Pat from Canvey's blog

Panorama of the cockle boats

Over Christmas, I couldn't drag Kat from the sofa to visit Old Leigh so I went on 22 January to try out some more panorama shots without using a tripod. The day was dull and raining but nevertheless I decided that I would go and forget about the rain. I forgot to look at the tide times so arrived at high tide when none of the beach was showing, the area was deserted and I could wander round in the rain.
Leigh is an ancient small port so the streets are narrow and cobbled. Cars have to be parked a few hundred yards away near the train station on higher ground. I paid my 70p for one hour of parking, grabbed the camera and walked down to the sea front. Some of the houses and pubs look as if they date from the 16th or 17th century. There are the usual art galleries, boat yards, rock shops and sea food bars, mostly shut in the winter but teeming with visitors in the summer months. Here's a shot of the boats and mounds of empty cockle shells looking from the road which curves up to the higher ground and the newer part of Leigh and it's shops along the Broadway.

Dismal failures

I mentioned dismal failures in my post about the new bracelet. Here is a clear heart that went terribly wrong. I tried the heart off mandrell using Spectrum Clear fusing COE 96, got it half right then messed it up whilst trying to put a glass hook onto it.
Clear heart beadClear heart bead

New bracelet

I've been wanting to buy a new torch for a few months but had to buy a new computer instead at Christmas because the old one was slowly failing. It would work for about ten minutes, experience an error and tell me it had to shut itself down. As you can guess, this made transferring the data and programs a little problematic, even with the computer operating in safe mode. So buying the torch will have to wait till the end of February. It's not just the cost of the torch but all the ancillary stuff like an oxygen compressor that will allow me to work with a cleaner and hotter flame. I've been biding my time and doing some other things as well as making smaller beads as my tank of propane gas slowly runs out.

Fusing test piece

The Silicon Folly Glass site fusing forum in USA has recently had a glass exchange where each person taking part makes a number of 2x2 inch pieces of fused glass with a different theme each year. These are then sent to a central collection point and that person then repacks the individual pieces so that each person that has taken part recieves one of each of the pieces made by the other people. When the images are available, I'll put in a link so that you can see all this Christmas' efforts.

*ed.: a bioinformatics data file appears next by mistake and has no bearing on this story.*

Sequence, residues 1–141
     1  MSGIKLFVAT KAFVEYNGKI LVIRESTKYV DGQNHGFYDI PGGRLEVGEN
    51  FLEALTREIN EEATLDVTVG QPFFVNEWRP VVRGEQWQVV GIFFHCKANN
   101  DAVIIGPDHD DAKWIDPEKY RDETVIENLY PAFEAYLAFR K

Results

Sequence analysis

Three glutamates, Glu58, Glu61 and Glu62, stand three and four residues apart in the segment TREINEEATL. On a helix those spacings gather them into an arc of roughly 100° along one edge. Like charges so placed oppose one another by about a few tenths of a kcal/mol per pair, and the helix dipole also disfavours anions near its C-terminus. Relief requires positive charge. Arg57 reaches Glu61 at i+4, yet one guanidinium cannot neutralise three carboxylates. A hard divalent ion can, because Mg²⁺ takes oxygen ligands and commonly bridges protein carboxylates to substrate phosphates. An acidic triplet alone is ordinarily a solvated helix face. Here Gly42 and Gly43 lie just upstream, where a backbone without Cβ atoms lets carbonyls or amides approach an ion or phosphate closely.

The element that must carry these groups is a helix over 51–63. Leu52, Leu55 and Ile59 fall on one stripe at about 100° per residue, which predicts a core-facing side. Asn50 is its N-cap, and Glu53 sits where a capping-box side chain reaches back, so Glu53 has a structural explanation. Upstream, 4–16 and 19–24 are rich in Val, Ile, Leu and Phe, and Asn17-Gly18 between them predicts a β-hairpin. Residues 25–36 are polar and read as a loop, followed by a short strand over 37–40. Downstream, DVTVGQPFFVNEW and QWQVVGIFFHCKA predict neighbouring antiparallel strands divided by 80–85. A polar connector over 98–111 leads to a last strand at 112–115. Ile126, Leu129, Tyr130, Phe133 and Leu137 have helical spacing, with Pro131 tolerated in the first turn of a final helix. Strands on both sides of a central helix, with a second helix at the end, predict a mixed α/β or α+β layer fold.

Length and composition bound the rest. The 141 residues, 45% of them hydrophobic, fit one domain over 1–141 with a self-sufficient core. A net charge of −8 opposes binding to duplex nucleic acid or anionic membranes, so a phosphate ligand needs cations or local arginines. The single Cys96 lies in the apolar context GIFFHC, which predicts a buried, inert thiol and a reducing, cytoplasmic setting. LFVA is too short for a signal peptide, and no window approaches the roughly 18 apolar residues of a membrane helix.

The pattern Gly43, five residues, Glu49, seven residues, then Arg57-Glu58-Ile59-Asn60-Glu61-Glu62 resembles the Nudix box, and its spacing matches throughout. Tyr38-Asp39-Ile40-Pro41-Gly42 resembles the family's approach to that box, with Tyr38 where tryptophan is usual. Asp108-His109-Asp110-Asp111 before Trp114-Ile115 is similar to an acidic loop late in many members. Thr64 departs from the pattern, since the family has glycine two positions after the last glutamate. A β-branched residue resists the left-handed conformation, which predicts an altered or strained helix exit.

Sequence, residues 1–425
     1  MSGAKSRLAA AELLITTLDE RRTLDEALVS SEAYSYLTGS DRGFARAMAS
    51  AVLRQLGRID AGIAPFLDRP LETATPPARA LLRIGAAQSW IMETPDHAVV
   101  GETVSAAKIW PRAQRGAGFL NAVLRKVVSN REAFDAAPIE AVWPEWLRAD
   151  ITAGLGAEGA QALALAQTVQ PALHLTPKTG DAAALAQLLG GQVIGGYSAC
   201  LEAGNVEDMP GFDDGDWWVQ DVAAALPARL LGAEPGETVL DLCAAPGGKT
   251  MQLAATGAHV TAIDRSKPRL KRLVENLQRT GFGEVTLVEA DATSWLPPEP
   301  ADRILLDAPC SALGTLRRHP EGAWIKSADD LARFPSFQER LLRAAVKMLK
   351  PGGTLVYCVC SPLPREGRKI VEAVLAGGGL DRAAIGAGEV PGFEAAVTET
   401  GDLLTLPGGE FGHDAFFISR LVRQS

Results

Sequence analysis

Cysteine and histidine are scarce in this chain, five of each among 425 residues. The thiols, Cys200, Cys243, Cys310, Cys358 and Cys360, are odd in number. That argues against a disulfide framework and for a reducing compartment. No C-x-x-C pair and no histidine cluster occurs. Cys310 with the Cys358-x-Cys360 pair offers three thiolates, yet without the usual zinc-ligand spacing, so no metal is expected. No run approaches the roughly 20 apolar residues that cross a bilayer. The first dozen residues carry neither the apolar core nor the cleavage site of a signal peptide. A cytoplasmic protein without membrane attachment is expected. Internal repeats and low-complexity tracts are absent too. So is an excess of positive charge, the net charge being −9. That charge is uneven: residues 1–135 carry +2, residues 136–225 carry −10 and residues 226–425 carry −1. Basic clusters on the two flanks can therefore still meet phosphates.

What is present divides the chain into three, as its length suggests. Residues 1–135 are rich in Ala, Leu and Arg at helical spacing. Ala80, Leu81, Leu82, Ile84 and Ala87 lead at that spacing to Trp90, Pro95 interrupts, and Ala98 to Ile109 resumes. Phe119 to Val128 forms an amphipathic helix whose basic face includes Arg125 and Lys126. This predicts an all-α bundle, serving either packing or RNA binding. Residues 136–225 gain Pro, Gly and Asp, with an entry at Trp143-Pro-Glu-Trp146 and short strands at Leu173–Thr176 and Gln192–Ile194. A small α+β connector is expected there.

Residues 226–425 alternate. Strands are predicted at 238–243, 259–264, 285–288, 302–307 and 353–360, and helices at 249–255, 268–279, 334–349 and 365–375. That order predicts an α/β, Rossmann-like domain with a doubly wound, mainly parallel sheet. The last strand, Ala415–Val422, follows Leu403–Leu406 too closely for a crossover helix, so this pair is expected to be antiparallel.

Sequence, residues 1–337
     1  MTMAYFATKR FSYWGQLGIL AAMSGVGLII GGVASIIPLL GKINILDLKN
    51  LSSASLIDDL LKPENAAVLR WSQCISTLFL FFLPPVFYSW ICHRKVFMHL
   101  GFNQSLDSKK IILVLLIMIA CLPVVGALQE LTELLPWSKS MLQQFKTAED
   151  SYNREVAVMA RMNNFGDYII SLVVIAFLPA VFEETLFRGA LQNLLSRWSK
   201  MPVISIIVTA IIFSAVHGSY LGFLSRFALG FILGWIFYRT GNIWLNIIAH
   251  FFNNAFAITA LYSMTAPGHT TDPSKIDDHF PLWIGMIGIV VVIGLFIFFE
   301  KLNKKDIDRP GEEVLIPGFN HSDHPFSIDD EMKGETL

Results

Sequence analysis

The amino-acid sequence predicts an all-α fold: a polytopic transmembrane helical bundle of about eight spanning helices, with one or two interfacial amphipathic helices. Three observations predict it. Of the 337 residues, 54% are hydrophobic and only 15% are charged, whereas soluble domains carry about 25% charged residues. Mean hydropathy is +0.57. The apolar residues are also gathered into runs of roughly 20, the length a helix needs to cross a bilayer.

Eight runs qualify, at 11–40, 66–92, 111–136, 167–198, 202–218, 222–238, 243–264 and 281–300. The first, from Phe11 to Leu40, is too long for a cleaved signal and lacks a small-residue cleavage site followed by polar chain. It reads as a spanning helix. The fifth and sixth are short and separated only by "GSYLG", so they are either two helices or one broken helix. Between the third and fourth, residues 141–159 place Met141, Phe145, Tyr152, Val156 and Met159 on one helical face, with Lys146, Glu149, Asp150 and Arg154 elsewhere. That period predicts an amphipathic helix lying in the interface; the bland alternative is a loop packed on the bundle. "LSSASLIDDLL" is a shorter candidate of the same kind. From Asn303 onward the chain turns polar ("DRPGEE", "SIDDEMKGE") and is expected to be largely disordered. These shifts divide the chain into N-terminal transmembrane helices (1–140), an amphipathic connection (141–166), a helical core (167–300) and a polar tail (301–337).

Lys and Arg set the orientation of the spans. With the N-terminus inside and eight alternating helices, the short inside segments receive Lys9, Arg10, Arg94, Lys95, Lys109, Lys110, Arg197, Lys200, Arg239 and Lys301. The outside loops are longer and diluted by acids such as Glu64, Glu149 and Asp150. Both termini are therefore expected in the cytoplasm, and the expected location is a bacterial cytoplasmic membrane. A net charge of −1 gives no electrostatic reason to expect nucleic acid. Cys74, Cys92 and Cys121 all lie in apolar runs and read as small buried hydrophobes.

I didn't take part but have been doing some fusing tests of my own.

Merry Christmas to all

I only have email addresses for many contacts so am posting this Christmas card of us on the Fox glacier in New Zealand. I'm not really this fat! I am wearing about six layers of clothes to combat the cold. On the glacier the temperature is just like walking into a giant freezer. John, poor soul was offered a multi-coloured hat but wouldn't wear it. He subsequently bought a white one. We were fortunate to be able to get the helicopter ride that day because all rides were cancelled the day before and all subsequent rides after ours that day were cancelled too because of the bad weather.
Here's hoping you all have a happy Christmas and do not over indulge too much over the New Year.

Carnival Necklace

A few weeks ago I came across the first issue of a UK Bead magazine The other mags I've seen have all come from USA so I was glad to see this with it's adverts for all things beading from UK suppliers. I liked the look of this necklace but hadn't made any small beads before so put off starting for a while. I finally took the plunge and decided to use red and green glass in honour of the season. I coated about 5 inches of each mandrel and wound 10 beads on each. The bugbear was cleaning all the beads but I'm looking out for an easier way than cleaning by hand with a reamer. All suggestions gratefully accepted. Here's the result.